Background/Context: Mayoral control of large city school districts has become the newest form of school district reorganization. Researchers have documented how real and perceived crises have propelled mayors in Chicago, Baltimore, and Washington DC, amongst others, to redefine the role of board governance by situating the operations of districts within mayoral governance portfolios. There is little research examining the role of suburban mayors in suburban school district secession movements. Demographic changes as well as tensions around funding and programs have prompted splits in suburban school districts within metropolitan regions that warrant study.
Purpose: This article examines the educational, demographic, and political dynamics that fueled the contest between suburban city mayors and school district leadership leading to the secession and fragmentation of the largest suburban school district in Utah. The authors sought to understand how this mayoral led secession activity interfaced with mayoral control activities in big cities. We also aimed to identify the parallels and departures that existed in the sources of tension in this case of suburban school district division and historic patterns of suburban political fragmentation, particularly, suburban cities’ creation of autonomous jurisdictions separating them legally and institutionally from urban school districts as a means of assuring clear racial divisions.
Population/Participants: The research participants included four mayors, two assistant mayors, four school district transition team members, six teachers as well as two school district administrators. Six focus groups comprised of four to six parents also participated.
Research Design: This study employed qualitative research methods as well as descriptive statistical data analysis. The researchers interviewed mayors as well as parent and community focus groups. Newspaper media pertaining to the events were collected and analyzed as triangulating data. The researchers also analyzed census data using Geographical Information Systems (GIS) software.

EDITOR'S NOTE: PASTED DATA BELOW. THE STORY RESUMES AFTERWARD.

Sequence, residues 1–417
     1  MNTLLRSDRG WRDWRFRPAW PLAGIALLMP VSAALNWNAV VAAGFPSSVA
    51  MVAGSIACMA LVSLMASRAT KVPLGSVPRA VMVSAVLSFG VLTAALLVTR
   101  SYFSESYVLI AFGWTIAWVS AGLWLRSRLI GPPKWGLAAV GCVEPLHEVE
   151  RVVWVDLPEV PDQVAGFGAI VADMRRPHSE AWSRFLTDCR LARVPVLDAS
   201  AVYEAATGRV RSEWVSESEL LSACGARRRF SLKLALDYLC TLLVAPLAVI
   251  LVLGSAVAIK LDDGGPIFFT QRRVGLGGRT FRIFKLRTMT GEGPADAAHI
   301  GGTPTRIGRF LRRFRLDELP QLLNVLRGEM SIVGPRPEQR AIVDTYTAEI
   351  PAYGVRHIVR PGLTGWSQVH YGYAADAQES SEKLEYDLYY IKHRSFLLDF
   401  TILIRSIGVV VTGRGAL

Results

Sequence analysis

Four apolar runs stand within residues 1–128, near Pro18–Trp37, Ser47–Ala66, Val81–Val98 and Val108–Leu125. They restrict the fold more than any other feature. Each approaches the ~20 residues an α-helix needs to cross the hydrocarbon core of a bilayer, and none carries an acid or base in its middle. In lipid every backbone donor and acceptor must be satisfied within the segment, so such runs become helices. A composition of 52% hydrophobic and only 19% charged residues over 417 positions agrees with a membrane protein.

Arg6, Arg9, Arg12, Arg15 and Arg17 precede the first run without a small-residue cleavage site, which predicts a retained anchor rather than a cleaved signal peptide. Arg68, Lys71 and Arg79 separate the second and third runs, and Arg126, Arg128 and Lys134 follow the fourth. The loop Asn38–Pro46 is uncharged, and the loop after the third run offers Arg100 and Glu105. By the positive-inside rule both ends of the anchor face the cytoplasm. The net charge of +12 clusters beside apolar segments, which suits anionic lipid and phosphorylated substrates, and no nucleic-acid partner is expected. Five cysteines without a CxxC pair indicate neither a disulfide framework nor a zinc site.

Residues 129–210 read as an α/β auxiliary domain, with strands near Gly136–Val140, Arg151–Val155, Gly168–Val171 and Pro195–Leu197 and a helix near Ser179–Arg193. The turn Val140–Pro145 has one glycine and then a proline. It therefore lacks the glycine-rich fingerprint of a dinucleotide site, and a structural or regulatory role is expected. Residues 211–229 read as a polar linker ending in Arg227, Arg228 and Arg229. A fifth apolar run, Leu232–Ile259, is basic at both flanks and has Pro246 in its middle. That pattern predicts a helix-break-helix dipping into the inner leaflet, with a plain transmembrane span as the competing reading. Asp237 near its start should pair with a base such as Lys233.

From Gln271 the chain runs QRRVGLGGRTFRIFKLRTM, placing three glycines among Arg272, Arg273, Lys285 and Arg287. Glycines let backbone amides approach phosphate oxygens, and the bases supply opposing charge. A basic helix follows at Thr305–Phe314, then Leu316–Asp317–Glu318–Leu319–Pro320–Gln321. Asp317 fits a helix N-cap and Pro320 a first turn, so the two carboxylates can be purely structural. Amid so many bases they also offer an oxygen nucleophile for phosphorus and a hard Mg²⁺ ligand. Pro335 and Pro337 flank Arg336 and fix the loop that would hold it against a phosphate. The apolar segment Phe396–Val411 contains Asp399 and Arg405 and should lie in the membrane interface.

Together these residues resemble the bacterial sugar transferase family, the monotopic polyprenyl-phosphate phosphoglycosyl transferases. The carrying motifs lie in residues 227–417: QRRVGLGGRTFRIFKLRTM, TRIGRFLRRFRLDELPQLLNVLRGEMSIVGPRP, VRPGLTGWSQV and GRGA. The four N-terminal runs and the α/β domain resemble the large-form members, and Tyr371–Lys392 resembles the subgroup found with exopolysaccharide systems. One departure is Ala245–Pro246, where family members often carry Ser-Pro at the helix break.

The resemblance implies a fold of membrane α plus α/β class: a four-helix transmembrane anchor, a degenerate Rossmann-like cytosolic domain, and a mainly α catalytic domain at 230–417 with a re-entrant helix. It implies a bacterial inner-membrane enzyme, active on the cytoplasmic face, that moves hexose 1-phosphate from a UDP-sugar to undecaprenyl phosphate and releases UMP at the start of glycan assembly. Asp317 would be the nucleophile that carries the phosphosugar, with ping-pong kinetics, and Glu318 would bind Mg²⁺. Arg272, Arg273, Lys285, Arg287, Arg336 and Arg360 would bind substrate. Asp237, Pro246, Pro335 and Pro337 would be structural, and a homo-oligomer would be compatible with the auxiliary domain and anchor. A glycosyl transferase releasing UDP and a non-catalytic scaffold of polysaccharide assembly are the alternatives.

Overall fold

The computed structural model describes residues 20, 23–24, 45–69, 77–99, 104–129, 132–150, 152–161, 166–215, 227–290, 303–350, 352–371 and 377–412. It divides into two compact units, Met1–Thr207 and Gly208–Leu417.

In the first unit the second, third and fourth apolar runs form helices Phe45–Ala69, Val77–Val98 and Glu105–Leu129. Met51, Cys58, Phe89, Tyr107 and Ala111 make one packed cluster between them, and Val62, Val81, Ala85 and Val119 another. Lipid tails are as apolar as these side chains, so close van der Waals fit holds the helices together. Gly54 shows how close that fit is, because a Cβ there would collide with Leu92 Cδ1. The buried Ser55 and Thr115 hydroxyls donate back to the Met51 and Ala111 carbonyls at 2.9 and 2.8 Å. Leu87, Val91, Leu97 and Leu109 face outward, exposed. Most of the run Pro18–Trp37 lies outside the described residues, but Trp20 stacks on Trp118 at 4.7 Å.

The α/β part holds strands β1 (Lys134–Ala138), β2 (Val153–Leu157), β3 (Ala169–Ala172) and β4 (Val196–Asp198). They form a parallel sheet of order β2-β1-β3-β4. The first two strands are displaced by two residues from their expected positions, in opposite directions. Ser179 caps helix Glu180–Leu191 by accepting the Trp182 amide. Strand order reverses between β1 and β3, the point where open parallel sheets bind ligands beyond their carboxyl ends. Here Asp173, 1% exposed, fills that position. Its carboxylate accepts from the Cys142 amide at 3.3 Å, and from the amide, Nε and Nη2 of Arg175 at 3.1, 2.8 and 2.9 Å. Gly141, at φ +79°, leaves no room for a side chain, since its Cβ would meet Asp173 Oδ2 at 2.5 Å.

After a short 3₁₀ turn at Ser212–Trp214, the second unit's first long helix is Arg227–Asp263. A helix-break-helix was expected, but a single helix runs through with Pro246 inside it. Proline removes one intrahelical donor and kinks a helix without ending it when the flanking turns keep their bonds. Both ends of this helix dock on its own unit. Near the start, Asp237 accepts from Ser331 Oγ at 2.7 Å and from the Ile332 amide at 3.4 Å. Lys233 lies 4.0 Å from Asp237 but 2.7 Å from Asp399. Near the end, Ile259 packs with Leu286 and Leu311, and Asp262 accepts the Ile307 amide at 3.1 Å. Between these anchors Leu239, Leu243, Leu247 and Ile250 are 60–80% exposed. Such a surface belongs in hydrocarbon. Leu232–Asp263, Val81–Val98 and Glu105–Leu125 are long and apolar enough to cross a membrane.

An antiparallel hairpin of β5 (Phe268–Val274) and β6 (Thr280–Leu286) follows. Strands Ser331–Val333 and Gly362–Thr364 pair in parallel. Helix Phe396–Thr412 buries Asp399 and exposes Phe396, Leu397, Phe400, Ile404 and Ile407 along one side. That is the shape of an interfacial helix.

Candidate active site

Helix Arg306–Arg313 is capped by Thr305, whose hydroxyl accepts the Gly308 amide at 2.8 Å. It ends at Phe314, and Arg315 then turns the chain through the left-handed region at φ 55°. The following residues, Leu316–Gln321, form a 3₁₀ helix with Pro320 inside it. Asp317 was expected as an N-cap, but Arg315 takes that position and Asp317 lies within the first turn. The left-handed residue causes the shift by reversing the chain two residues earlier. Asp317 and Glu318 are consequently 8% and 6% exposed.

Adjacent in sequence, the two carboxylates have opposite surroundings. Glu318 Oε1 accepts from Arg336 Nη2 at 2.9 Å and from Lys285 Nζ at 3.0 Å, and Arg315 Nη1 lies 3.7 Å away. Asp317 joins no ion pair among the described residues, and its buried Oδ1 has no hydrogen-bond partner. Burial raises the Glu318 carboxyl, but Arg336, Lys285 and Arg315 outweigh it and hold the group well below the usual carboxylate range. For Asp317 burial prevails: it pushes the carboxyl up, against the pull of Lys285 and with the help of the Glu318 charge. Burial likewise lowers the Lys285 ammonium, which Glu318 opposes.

Findings/Results: The authors found that rapid demographic and financial shifts in school districts shared by multiple suburban cities can catalyze mayors to organize and act aggressively to split existing school districts. Strong city mayors were a key force propelling the modification of district governance structures through heightening the prominence of city borders and local control, even when the threats were neighboring middle-class cities composed of white residents. Mayors moved the region’s political and educational dynamics one step closer to a mayoral control governance structure. The political, demographic, and economic relationships underlying these scenarios positioned suburban school district administration with few options in which to respond.
Conclusions/Recommendations: The authors conclude that these practices of division and appropriation by cities and their leadership will only diminish democratic processes of school governance and exacerbate social-class and racial segregation across suburban school districts over time. The authors recommend that regionally based governance bodies be formed that help maintain a regional perspective to educational policy.